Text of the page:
Sexual and physical violence are the most consequential possibilities facing young people celebrating schoolies, does your organisation contribute to the prevention of or response to these terrible realities - if so how?
Our Schoolies HUB has been open 24 hours a day since we started ten years ago, well for the duration of school leavers celebrations anyway.
We have a great range of resources, including a first aid station and free water and free condoms.
We understand that things might happen at schoolies, some sexual experiences may not be wanted experiences too, so we assist where possible to help anyone who has experienced sexual assaults.
Violence is a problem too, and the best thing we can suggest to schoolies coming here, is to watch out for your mates, always support your friends if they are unwell or drunk and never leave them alone.
The Red Fogs are fabulous for helping out and you can call their hotline 24 hours a day: 1300 557 123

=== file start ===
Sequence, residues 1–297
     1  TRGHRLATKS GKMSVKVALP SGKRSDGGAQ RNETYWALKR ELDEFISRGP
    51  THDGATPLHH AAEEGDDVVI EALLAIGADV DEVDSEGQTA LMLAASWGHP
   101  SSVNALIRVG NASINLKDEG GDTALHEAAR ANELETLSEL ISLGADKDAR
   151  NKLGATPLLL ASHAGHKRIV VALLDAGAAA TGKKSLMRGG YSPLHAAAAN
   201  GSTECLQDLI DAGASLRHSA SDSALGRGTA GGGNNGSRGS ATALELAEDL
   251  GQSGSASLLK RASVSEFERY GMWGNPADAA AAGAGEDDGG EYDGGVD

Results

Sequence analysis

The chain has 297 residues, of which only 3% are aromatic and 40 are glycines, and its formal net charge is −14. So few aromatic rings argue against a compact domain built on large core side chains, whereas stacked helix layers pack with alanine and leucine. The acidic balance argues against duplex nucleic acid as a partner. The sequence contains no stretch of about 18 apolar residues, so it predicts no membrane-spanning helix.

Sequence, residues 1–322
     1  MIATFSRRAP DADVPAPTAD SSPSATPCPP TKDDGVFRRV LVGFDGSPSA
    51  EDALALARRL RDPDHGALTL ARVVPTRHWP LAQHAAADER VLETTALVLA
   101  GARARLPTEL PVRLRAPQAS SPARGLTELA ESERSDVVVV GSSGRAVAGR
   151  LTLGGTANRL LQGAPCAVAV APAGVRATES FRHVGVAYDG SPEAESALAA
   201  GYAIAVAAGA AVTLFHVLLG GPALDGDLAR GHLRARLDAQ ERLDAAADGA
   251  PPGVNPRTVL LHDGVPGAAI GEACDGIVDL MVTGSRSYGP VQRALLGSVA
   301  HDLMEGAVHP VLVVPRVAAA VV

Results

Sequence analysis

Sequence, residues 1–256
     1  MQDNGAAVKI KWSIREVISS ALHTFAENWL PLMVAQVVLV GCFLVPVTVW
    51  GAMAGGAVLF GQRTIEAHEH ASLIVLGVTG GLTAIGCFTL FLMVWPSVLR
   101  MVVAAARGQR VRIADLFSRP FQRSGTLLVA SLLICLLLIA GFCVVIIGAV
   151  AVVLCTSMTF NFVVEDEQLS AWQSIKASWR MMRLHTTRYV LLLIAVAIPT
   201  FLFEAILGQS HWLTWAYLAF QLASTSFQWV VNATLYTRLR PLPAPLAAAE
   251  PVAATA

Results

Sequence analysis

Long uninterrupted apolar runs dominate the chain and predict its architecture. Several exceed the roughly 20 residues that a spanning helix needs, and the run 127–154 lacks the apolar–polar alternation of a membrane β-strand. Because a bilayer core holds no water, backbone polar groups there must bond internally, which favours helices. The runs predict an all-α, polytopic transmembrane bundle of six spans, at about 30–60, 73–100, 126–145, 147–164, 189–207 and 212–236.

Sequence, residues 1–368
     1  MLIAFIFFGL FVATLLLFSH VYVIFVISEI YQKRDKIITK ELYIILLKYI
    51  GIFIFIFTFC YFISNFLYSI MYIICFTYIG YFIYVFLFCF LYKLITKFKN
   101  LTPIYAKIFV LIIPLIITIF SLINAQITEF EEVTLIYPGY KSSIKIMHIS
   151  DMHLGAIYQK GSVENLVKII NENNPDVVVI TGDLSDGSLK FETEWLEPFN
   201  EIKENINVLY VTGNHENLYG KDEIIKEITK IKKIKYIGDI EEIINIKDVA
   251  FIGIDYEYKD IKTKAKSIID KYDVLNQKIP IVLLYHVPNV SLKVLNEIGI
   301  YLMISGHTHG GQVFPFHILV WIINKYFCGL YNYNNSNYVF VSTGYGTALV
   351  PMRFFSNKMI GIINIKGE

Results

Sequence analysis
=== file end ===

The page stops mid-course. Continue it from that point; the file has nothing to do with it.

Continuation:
Our Schoolies HUB Volunteers are also more than willing to help with anything that the schoolies may need and we are great at giving any Mum / Dad .... cool Auntie / Uncle advice too.
We have a great range of tongue-in-cheek 'Cringe The Binge' posters that really give the goods on sexual health, crime, assaults and alcohol and drug use and even though some of these posters look a bit humorous at first look, the information in them is actually very in your face too and we find the schoolies really take their time to look at these and take the information in.
We also have a couple of really big Schoolies Bulletin Boards that we place posters and alerts on, for everything from dangerous drug alerts, to knowing when to call an ambulance.
We like Memes and posters with a bit of humour, but also that give real facts to schoolies.
Over the historical course of Schoolies Week in past decades, an average of one or more schoolies die each year. Anything you want to say about this topic? What is your experience / insight?